The bronze is expected to be given to an independent trust in the African country within weeks, which would officially make it the first Benin Bronze to be fully restituted from the West.
Neil Curtis, head of museums at the university, said in a statement that an ongoing review of the collection identified the bronze as having been acquired “in a way that we now consider to have been extremely immoral, so we took a proactive approach to identify the appropriate people to discuss what to do.”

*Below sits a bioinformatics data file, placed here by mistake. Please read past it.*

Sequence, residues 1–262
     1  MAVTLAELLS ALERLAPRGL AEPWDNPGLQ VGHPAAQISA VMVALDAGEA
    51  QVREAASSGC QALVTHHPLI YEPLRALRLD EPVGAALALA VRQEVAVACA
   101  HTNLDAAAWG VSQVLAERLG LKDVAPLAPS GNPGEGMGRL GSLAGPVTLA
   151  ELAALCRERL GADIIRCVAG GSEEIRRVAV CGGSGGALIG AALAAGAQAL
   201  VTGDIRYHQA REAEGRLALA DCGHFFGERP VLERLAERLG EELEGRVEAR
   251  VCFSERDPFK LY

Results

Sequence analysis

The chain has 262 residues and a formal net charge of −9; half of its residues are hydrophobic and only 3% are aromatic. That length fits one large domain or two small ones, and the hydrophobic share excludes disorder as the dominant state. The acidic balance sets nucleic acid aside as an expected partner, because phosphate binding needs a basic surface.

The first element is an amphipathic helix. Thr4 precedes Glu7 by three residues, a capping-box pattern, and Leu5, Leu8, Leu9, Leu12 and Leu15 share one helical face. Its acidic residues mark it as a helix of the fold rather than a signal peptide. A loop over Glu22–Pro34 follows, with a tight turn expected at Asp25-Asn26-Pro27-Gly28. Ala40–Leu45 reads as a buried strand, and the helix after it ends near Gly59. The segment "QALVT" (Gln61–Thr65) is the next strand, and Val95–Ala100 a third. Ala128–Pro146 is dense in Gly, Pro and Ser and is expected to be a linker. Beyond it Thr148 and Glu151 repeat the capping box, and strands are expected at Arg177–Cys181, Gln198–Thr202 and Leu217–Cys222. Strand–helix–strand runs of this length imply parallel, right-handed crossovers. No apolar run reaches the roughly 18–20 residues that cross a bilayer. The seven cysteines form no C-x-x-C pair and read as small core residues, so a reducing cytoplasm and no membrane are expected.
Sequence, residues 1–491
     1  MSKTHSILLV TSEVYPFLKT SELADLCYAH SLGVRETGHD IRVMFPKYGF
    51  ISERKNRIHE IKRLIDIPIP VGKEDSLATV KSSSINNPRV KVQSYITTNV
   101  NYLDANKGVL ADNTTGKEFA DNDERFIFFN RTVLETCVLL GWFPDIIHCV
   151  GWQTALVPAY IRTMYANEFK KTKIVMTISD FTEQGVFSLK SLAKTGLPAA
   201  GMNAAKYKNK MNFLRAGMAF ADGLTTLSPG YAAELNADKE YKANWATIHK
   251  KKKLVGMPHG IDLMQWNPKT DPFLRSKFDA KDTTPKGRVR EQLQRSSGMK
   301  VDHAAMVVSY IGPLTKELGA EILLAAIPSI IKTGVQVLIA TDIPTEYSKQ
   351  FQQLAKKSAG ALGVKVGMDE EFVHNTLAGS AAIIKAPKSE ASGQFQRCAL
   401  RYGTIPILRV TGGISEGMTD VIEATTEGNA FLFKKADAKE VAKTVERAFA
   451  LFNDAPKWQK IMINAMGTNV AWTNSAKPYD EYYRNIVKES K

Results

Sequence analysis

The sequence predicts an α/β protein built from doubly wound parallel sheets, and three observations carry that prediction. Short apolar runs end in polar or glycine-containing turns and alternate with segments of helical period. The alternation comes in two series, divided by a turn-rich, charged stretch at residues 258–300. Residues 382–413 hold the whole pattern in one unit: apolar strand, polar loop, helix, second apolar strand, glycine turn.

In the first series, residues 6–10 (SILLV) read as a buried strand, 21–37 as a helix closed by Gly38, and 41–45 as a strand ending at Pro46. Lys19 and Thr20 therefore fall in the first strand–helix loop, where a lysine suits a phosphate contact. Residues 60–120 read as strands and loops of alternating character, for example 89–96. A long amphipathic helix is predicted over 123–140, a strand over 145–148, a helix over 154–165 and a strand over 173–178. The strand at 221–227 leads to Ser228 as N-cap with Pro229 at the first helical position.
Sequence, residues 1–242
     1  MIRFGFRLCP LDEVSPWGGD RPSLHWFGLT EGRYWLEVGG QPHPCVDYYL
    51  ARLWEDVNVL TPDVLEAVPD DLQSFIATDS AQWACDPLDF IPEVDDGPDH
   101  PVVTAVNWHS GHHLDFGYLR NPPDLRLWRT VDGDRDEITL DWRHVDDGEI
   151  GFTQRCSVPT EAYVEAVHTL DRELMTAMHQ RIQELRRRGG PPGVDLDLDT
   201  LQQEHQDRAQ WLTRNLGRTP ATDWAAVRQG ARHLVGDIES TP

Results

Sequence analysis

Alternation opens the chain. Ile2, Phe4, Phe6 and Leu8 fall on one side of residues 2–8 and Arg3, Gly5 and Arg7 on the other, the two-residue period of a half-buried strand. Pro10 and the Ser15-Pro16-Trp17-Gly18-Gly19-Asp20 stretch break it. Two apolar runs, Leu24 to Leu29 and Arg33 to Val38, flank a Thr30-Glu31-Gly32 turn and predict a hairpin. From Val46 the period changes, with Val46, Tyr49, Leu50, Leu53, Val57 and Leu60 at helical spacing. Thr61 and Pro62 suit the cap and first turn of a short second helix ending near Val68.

The university acquired the bronze at auction in 1957, and calls it a “superb example of Benin Late Period art.”
The University of Aberdeen’s vice-chancellor, George Boyne, welcomed the decision in a statement. “It would not have been right to have retained an item of such great cultural importance that was acquired in such reprehensible circumstances,” he said.
Nigeria’s minister of information and culture, Lai Mohammed, praised Aberdeen for proactively reaching out and returning the object, calling it “a step in the right direction.”
“Other holders of Nigerian antiquity ought to emulate this to bring fairness to the burning issue of repatriation,” he added.
The university is now making practical arrangements and will work with Nigerian officials on a celebratory event to mark its return.